Do you know what your vitamin D level is? Be sure to test today to find out, and take steps to keep it within a target of 40-60 ng/ml or 100-150 nmol/L! Give your immune system the nutrients it needs to support a healthy you and protect yourself from unnecessary diseases.
GrassrootsHealth Nutrient Research Institute is preparing to do a Community RCT with the use of our myData-myAnswers nutrient health system that over 15,000 people are already using for their health. We will demonstrate how one can use the Nutrient Research Model established by Dr. Robert Heaney to establish the effect of vitamin D serum levels of at least 40 ng/ml (100 nmol/L) on risk reduction with different ethnicities in the population. Please let us know if you’re interested in helping sponsor this project.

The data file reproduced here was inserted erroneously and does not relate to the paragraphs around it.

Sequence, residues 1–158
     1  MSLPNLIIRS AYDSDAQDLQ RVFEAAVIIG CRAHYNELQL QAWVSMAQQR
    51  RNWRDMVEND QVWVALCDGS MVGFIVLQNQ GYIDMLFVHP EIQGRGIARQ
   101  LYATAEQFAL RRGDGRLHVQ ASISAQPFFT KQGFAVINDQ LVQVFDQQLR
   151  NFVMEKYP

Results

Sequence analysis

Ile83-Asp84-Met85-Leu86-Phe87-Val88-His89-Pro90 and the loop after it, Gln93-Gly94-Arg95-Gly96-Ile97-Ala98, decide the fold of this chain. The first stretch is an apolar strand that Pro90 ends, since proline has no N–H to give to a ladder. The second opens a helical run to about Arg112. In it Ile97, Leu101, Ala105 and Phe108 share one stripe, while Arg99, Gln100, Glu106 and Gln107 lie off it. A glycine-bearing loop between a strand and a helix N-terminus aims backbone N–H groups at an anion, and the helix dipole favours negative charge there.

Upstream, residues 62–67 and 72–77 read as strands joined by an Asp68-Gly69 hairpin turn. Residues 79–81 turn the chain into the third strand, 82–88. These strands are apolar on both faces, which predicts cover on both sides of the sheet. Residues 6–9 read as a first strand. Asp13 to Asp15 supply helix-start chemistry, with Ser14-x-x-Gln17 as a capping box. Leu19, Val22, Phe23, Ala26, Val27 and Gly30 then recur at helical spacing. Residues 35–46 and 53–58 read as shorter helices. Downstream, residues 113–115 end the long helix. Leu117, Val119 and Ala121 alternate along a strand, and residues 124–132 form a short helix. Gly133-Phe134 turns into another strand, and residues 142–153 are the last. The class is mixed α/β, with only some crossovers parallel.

Through GrassrootsHealth Nutrient Research Institute, you can also test your essential elements magnesium, copper, zinc and selenium, toxins such as lead, mercury and cadmium, as well as your omega-3 levels, inflammation levels and thyroid stimulating hormone (TSH) level. Find out your levels today! Log on to the test selection page (click the link below) to get your tests and see for yourself if your levels can be improved.
Make sure you track your results before and after, about every 6 months!
How can I track my nutrient intake and levels over time?
To help you track your supplement use and nutrient levels, GrassrootsHealth has created the Personal Health Nutrient Decision System called
For each specific supplement, you can track what days you take it, how much, and many other details. This will help you know your true supplemental intake and what patterns of use work for you to reach and maintain optimum nutrient levels. Check it out today!